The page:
Find out about the Tz’utujil people of Guatemala

Jürg Widmer Probst - Tz'utujil people

Guatemala may be a relatively small country, but it’s home to 24 different Mayan ethnic groups. Among these groups are the Tz’utujil people and together with the Ladinos, Zinca, Garifunas and many more, they make up the indigenous Native American people of the country.

Around 100,000 Tz’utujil (also sometimes spelled Sutujil, Tzutuhil or Tzutujil) live in a region surrounding Lake Atitlán in the Sierra Madre mountain range in the highlands. The lake is famous for being the deepest in Central America and one of the most beautiful in the world.

Tz’utujil people live on the banks of the beautiful Lake Atitlán

At its deepest, Lake Atitlán reaches down more than 340 metres and stretches for more than 50 square miles. It’s also the most important and most visited tourist attraction in Guatemala, famously praised by German explorer Alexander von Humboldt who dubbed it “the most beautiful lake in the world” in the 19th century. And when Aldous Huxley wrote a travel book in 1934 (Beyond the Mexique Bay), he compared it favourably with Italy’s Lake Como, saying: “Atitlan is Lake Como with additional embellishments of several immense volcanoes – it’s really too much of a good thing.”

As well as being beautiful and picturesque the lake is a central point for a number of Mayan ethnic groups, including the Tz’utujil people. They’re known for continuing to live traditionally today, and generally stick to the religious and cultural practises that have been practised in the region for centuries. They still speak the Tz’utujil language, which is one of the 21 Mayan languages formally recognised in Guatemala.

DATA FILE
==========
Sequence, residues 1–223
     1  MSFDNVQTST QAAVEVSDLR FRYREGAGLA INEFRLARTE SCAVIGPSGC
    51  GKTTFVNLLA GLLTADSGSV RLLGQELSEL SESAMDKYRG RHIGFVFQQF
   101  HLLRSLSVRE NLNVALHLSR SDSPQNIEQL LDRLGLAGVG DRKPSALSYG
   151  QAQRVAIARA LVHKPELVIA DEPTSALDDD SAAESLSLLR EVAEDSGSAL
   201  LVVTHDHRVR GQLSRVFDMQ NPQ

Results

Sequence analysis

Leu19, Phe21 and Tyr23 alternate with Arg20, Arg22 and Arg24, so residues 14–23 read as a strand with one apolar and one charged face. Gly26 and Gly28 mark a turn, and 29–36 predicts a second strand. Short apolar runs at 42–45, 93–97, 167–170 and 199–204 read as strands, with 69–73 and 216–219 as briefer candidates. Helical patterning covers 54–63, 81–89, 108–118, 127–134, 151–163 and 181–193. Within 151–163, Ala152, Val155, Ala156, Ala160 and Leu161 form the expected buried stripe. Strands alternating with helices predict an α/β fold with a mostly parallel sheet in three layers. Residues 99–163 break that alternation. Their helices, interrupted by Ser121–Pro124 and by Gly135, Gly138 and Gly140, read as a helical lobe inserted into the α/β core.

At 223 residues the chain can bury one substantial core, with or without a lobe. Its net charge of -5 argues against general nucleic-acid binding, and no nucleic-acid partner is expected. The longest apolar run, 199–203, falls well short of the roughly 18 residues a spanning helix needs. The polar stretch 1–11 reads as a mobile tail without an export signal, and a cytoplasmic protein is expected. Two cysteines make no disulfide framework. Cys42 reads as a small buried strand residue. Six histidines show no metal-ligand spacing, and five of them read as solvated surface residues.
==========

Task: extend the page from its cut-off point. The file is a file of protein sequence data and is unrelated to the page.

Mayan languages are a family of languages spoken in north Central America and across Mesoamerica by around six million Mayans. They’re mostly spoken in Honduras, Belize and Mexico as well as Guatemala. We are lucky to know so much about Mayan languages as they are among the most documented in the world. Modern Mayan languages derive from Proto-Mayan, which was spoken more than 5,000 years ago, before splitting into six branches:

  • Mamean.
  • Ch’olan Tzeltalan.
  • Yucatecan.
  • Qanjobalan.
  • Quichean.
  • Huastecan

Retaining cultural and traditional Tz’utujhil practises

Tz’utujhil people go back to what’s called the post-classic period of Maya civilisation, which was between 900 and 1500. In 2020, they live in towns around Lake Atitlán called Panabaj, Santiago Atitlán, San Pedro La Laguna, San Juan La Laguna, San Pablo La Laguna, San Marcos La Laguna and Tzanchaj. A very few Tz’utujhils also live in San Lucas Toliman.

This sounds like a vast area but compared with the much wider region they used to occupy, it’s small. They lost much of their land in 1523 when the Spanish headed by conquistador Pedro de Alvarado teamed up with the Kaqchikel people to fight against the Tz’utujhil in Panajachel. Not only did they lose a lot of their land in 1523 but the Tz’utujhil also lost control of the lake itself.

Fast forward to today and the Tz’utujhil, while at the centre of Guatemala’s tourist trail, stick to traditional cultural and working practises. Those not working within tourism still work in farming using traditional methods. They still farm staple crops that have thrived in the region for centuries: maize, coffee, squash and beans. Others are using the tourist trail to gain recognition for local art and creativity. A number of Tz’utujil communities use art to express traditional ceremonies, traditions, beliefs, history and daily life of their indigenous culture.

The people live in communities that centre around a village. They’re called municipios, and each have slightly differing customs and traditions. Each village or town around the lake is renowned for something different, whether it’s art, ceramics, textiles or holistic medicine. There are also many Spanish schools in the region, and visitors are encouraged to live with local families while they study.